Of course, I know nothing about what these places actually look like or who these people are. All I've seen are glimpses from the ginnels. I'm projecting my own preconceptions of what a luxurious life might be.

Which provokes the question: What does a life of luxury mean to me? What would I have to do to afford such luxury? Is this what I'm supposed to want, and to work for?

Seeing how much there is to be had makes me wonder how much of it I want, and at what cost. 

I've heard it said that people don't want money, they want what money buys. Our work is a means to an end. We have things that we want, and that motivates us to work to earn the money to buy them. 

But maybe it's the other way around. A life of luxury is not the motivation for a life of work. Maybe we're all working just to work, not to get what we want, because we don't know what we want and we don't know what else to do with ourselves other than work. The less we know what we want, the more we fill our lives with work. 

All of this work has to be for something. It has to be. So we create a "something" to work for. Perhaps the things we buy are the post-rationalization for all of the work we've done, rather than the realization of any preconceived desires. 

We don't work to get what we want, we want what we get because we've worked so much and need something to show for it. 

Did I say two swimming pools? Better make it three. 

The reward for a life of hard work. Or more precisely, the reward for 2,947 lives of hard work by slaves on your West Indies sugar plantations.

Even when we've arrived at the life of luxury we think we want, there's always a bigger house on a higher hill.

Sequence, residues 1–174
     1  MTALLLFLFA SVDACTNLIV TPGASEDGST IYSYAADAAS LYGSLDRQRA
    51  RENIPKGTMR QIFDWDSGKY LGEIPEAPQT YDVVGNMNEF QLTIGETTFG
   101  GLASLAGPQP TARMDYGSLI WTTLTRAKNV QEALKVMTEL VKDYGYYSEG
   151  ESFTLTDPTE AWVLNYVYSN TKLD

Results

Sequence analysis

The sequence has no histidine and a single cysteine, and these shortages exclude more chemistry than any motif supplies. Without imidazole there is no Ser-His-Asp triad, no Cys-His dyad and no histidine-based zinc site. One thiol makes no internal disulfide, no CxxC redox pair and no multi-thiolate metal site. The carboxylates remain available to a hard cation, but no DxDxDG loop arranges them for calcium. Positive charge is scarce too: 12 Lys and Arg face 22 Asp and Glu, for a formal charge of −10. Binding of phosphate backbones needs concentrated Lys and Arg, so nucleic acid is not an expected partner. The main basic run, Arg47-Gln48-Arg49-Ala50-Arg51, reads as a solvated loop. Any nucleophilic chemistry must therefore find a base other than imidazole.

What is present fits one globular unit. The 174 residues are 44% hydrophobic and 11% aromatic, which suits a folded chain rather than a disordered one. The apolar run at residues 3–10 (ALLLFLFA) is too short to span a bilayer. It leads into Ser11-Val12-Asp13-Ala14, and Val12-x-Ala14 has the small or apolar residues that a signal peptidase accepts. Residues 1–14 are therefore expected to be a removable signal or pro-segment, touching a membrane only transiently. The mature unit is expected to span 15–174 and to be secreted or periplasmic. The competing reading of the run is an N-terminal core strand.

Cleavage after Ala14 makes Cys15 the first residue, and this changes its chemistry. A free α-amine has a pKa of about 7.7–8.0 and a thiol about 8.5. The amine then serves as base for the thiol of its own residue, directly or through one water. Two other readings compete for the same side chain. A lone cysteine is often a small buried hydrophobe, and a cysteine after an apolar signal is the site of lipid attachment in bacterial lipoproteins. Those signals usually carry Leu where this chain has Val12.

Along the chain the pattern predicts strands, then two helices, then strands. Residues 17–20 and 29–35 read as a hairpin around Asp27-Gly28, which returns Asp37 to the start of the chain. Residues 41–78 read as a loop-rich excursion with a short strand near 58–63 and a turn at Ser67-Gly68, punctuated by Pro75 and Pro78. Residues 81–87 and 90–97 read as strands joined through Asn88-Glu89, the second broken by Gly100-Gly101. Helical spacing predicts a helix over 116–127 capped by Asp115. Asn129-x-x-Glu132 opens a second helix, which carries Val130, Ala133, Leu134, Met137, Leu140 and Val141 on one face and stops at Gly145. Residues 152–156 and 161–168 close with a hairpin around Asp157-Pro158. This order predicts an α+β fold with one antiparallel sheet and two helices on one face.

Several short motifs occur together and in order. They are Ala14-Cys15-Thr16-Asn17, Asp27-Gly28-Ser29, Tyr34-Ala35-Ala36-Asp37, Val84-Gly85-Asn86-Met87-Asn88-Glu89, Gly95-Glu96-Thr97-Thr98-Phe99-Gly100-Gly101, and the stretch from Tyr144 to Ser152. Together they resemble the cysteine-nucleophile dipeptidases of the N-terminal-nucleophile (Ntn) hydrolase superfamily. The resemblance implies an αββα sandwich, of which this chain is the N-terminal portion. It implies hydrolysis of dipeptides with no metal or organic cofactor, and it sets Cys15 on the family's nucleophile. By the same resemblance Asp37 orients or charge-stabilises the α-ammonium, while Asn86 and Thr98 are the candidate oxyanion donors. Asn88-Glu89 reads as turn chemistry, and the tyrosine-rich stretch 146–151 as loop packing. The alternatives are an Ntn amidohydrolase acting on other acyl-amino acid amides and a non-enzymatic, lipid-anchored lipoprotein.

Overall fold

Another delightful thing about visiting England is that wherever you go, there's some grand estate nearby open to the public as a museum (yes, like Downton Abbey).

Not far from the neighborhood where we're staying is Harewood House, the home of Princess Mary in the 1930's (great-granddaughter of Queen Victoria, aunt of the current Queen Elizabeth, and sister of the King's Speech guy, I think). 

The scale of the building is impressive, the detail exquisite, the views breathtaking. There are S-shaped hedges. There are Grecian statues. There are original Italian Renaissance oil paintings in the dining room. There is an all-red billiard room with a giant stuffed camel (we didn't actually see that, but they must have had one).

Just as I can imagine a life of luxury in the more modest estates surrounding our snickets and ginnels, I wonder if the owners of those properties think of their lives as common and look to palaces like Harewood House as some ultimate ideal of a luxurious life?

For me, witnessing this pinnacle of luxury does not inspire a desire for a life of luxury. The lesson here is not that there is so more to be desired, but rather that there is such a thing as excess. One man's luxury is another man's absurdity. 

When I think of a life of luxury, I think of how I want to spend my time, not how I want to spend my money. Traveling the world, being with my family, and waking up to decide how I want to spend my day is luxury to me, and I'm living it right now. If only I could decide when I get to wake up. 

It's easy for me to be self-righteous about not working and living meagerly while Erin is working to support us, and all of our stuff is waiting safely in storage for us when we return from our travels next year. 

But that's the point of this year of travel. It's a ginnel through the walls of our own lives, from which we can peer in to question and criticize what we've been doing, why, and what we really want. 

If we can live a life of luxury out of a suitcase, then why would we want to burden ourselves with anything else?

Well, maybe just one giant stuffed camel. And that's all I need.